• The Indian Water Project: An update

    In the UK, we take having clean water ‘on tap’ for granted. However, for many people across the world, the idea of being to easily access clear, clean, uncontaminated water seems like a pipe dream. However, thanks to our project with FRANK Water, this dream has become a reality for the community in the Kabirdham district of Chhattisgarh in India, where the Baiga tribal group reside. It is here that we’ve been supporting FRANK Water in bringing a fresh water supply to the community.

    This is much needed. According to FRANK Water’s report into the lives of the villagers the lack of access to safe drinking water has left the ‘poor and helpless, with a reduced lifespan’. The report also notes that ‘consumption of contaminated water and therefore death has been a common phenomenon in the Baiga region in Kabirdham district’.

    While death is, of course, the worst-case scenario that comes about as a result of poor drinking water, the lack of a local clean water supply also has far reaching consequences in all aspects of life in places like Chhattisgarh.

    It leads to illness, which leads to people being unable to work, which leads to families being further entrenched in poverty. Often this will lead to children being removed from education in order to support their families - a short term solution with terrible long term consequences.

    Women and girls are particularly affected by the problems brought by poor local water supply, as it is they who are more likely to be sent to fetch and carry clean water from another - often distant - source. This is time that they could spend at school, or at work. Similarly, a lack of toilets can make it more difficult for girls to go to school once they have begun their periods, often meaning that sadly, they often don’t go at all and do not get the education they need to ensure that the poverty cycle doesn’t repeat itself in the next generation.

    In short, a lack of clean water means people lack control over their own lives in places like Chhattisgarh, but our project with FRANK Water is helping to give the power back. And on quite a scale! So far, during this initial phase of work, we have:

    • Developed micro level plans (including water resource plans) with 36 villages, of which 23 have been approved by the village general body

    • Trained local staff and community representatives on geo-hydrology and participatory groundwater management, liason with local government (including presentation to district water department and meetings to verify mico level plans)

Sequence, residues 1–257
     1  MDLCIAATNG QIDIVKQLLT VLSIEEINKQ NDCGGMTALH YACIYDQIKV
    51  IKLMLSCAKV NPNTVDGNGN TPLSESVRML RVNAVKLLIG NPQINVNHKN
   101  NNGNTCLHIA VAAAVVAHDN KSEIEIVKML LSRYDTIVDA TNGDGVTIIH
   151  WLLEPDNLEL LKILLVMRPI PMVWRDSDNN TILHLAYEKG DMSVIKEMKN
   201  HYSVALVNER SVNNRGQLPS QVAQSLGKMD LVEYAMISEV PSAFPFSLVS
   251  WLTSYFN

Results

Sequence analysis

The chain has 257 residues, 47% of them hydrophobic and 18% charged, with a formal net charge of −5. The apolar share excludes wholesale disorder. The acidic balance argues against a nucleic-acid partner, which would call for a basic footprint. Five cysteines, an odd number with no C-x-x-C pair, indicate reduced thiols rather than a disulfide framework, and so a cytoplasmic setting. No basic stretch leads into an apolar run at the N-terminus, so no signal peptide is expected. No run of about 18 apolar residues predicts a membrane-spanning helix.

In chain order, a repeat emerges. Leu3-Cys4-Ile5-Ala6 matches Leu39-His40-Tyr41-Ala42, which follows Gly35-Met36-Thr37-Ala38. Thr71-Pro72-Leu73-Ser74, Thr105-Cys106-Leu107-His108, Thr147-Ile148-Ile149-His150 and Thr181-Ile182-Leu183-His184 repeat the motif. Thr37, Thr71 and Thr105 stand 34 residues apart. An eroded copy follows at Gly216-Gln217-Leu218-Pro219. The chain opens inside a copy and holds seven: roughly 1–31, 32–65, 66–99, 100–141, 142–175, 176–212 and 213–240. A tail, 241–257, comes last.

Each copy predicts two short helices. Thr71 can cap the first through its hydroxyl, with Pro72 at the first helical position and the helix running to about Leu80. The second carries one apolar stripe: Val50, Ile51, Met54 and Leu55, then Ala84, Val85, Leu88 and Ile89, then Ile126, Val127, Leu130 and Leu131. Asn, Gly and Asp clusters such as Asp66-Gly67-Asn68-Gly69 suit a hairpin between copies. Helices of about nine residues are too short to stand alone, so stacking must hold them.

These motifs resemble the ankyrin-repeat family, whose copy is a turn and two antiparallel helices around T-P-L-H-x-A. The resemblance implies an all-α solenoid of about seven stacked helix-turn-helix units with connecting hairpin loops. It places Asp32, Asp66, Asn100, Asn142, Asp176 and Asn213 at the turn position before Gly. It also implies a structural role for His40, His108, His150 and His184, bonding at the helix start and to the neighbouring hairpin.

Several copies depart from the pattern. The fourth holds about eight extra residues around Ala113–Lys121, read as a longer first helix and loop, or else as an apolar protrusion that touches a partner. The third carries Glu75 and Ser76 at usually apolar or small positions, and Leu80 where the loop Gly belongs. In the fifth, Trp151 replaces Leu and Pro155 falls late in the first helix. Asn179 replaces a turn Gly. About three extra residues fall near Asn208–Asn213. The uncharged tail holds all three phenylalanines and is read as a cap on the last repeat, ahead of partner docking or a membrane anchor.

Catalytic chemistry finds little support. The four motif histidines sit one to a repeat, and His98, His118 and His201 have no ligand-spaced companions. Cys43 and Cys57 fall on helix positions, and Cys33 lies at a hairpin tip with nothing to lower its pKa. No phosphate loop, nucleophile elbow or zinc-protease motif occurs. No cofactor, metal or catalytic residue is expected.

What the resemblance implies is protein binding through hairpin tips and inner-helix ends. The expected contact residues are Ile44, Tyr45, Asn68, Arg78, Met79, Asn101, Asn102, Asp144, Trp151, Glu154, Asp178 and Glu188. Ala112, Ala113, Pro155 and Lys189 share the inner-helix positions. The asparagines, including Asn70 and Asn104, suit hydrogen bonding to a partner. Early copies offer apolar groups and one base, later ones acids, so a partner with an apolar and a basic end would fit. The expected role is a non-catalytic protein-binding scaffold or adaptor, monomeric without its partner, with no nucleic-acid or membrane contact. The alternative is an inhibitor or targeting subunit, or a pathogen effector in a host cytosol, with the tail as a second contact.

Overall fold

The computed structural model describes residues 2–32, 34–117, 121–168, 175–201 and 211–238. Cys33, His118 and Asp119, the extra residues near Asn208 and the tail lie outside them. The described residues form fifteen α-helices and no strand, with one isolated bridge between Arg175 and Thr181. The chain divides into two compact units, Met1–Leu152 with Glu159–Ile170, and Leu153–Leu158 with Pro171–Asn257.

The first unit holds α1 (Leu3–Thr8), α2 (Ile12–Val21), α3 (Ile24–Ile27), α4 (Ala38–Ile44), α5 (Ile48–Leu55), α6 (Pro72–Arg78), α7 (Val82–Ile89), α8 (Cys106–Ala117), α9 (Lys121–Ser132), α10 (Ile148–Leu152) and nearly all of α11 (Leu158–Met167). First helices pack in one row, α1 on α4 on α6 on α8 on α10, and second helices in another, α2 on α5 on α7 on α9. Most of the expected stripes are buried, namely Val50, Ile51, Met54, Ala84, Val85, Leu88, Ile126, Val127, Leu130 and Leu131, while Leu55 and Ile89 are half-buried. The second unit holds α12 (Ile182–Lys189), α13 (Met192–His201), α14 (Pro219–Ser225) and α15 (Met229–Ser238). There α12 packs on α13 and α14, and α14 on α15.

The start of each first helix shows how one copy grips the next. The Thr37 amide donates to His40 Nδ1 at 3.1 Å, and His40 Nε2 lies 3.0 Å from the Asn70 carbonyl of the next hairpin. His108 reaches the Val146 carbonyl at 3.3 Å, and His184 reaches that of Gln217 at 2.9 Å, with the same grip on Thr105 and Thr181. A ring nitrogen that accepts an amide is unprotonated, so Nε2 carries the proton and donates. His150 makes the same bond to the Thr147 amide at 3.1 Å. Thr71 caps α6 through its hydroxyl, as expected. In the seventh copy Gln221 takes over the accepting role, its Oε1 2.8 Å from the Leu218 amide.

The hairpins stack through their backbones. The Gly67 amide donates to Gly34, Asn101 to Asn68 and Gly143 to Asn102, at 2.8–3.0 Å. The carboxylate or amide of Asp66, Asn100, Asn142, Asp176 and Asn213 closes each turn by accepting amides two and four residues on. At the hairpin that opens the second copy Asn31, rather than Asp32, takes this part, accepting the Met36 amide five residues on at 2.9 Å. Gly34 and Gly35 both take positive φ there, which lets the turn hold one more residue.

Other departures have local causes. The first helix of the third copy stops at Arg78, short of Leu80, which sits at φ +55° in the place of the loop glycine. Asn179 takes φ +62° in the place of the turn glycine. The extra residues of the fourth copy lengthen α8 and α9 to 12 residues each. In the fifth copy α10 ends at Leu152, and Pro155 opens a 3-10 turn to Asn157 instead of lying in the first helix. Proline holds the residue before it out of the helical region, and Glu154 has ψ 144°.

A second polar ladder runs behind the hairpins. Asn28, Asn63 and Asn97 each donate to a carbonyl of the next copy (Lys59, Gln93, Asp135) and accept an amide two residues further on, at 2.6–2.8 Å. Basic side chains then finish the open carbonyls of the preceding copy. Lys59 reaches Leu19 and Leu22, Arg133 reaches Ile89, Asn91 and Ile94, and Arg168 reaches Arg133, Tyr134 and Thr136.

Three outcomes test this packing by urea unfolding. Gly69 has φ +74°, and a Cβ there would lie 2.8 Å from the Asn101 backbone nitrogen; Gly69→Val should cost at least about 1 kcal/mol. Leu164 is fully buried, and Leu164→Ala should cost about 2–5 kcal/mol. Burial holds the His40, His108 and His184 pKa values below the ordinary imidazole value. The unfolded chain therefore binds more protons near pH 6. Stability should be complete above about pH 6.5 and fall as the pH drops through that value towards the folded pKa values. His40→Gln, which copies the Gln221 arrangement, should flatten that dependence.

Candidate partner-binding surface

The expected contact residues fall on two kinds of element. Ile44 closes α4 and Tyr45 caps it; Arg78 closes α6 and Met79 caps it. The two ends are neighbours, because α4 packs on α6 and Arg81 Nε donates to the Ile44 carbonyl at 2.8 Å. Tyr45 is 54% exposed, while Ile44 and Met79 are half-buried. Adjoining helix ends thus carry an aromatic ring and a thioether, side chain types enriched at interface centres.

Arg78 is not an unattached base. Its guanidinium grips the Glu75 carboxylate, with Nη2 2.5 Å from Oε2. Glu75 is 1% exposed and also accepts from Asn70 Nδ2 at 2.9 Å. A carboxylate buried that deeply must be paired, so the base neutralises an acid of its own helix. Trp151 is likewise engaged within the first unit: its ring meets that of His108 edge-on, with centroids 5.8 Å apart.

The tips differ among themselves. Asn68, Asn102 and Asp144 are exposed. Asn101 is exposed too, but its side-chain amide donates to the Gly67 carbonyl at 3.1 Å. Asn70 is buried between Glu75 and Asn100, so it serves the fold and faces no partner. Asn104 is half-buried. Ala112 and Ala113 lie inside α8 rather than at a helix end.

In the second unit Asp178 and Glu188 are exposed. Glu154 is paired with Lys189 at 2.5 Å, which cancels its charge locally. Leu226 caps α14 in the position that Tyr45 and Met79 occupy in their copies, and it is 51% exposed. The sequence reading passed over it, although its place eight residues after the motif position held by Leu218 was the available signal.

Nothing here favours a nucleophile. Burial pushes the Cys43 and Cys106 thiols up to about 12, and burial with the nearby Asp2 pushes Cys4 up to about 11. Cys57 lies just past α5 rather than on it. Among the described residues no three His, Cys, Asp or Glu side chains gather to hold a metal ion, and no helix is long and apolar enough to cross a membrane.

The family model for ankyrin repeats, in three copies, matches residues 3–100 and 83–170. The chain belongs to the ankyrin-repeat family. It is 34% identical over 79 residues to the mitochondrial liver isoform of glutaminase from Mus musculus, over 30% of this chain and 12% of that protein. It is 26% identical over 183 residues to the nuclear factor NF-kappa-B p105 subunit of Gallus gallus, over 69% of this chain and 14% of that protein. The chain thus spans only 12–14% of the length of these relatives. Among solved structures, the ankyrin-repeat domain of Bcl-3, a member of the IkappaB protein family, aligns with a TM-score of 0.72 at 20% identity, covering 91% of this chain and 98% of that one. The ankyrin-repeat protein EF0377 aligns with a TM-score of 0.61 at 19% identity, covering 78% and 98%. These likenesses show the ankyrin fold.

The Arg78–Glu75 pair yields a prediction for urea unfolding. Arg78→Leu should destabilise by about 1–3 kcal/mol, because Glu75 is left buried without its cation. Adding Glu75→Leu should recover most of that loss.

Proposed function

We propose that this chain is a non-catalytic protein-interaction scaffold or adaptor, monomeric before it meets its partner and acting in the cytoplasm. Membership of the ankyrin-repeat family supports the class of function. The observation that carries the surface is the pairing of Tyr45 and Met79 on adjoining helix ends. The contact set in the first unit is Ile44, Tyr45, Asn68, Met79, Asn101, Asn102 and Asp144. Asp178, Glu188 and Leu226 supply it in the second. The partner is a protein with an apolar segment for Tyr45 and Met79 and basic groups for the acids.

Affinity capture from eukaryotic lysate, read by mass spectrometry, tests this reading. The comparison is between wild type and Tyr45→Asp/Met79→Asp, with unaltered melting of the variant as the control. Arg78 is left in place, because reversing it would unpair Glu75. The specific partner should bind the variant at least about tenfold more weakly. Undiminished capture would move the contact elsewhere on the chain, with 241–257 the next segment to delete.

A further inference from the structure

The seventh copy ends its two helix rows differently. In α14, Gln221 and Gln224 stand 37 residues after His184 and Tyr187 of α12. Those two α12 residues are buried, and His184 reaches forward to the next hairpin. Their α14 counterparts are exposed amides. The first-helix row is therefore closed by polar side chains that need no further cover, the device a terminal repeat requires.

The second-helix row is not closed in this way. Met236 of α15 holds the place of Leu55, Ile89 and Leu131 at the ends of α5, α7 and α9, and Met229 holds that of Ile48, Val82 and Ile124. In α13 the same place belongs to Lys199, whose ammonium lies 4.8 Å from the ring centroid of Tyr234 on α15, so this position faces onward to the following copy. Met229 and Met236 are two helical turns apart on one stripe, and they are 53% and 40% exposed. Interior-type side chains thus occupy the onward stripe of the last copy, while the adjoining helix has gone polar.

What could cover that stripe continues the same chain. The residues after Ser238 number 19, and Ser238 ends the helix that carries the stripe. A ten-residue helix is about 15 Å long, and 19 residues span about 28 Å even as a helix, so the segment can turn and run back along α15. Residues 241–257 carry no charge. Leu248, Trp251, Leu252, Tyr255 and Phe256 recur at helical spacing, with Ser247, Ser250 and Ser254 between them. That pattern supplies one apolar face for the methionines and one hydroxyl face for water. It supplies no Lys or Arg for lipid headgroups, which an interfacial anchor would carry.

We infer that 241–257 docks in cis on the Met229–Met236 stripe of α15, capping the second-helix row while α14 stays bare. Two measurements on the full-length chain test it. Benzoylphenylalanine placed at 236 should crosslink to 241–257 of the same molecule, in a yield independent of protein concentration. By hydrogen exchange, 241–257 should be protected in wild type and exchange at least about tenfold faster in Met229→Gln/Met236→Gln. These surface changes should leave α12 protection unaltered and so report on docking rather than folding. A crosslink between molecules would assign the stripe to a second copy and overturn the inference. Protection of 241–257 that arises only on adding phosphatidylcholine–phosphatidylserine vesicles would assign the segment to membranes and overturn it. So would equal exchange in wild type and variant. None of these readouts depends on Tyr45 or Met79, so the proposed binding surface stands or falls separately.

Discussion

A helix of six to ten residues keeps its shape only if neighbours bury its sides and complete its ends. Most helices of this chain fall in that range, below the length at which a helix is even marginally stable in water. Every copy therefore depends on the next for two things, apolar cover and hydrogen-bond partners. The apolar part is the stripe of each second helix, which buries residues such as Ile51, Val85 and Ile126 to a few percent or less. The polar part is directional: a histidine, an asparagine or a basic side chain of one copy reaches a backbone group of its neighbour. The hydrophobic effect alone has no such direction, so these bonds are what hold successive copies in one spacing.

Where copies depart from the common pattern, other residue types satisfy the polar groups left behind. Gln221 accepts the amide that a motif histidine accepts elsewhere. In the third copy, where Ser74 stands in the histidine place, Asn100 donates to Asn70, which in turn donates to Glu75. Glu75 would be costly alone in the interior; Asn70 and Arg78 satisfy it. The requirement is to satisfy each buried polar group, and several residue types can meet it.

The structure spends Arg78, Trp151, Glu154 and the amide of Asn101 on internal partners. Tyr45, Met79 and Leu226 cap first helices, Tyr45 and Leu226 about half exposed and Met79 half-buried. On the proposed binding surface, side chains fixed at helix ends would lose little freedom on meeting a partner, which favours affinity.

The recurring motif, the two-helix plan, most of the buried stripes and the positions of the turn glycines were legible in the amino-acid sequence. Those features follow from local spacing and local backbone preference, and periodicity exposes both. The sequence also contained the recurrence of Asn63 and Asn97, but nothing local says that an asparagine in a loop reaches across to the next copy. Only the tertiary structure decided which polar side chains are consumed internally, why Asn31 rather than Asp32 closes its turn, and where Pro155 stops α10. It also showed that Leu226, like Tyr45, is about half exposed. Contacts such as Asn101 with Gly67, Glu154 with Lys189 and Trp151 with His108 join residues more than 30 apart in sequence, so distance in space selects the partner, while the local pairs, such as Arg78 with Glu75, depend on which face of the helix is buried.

• Established handwashing programmes in 36 villages

    • Established sanitation and cleanliness drive in 30 villages

    • Carried out menstrual hygiene management training in 7 villages

    • Set up a water testing laboratory in order to help communities to test their own water sources.

    • Implemented an on-going community mobilization programme and awareness raising activities in all villages

    This activity is already having a huge impact on these communities. For example, there is now much greater participation in village meetings, and everyone, including women and children, is getting involved. Those who have undergone training in good sanitation practices are putting what they’ve been taught into action too, with 85% of those trained in menstrual hygiene management saying that they have adopted safer practices.

    What is really fantastic is that, far from being a drop in the ocean, the £3,206 provided by Flamingo Foundation has enabled the community to leverage funding from existing government schemes - not only benefited communities directly, but has also helped to leverage a further £38,000 funding which will, quite literally, change lives and open up opportunities in these communities for many years to come.

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THE FLAMINGO BLOG

They say birds of a feather flock together, and here at the Flamingo Foundation, we really are a close-knit brood. Every week one of our huddle blogs about what we’ve been up to, the latest projects that have allowed us to spread our wings, or what has ruffled our feathers.

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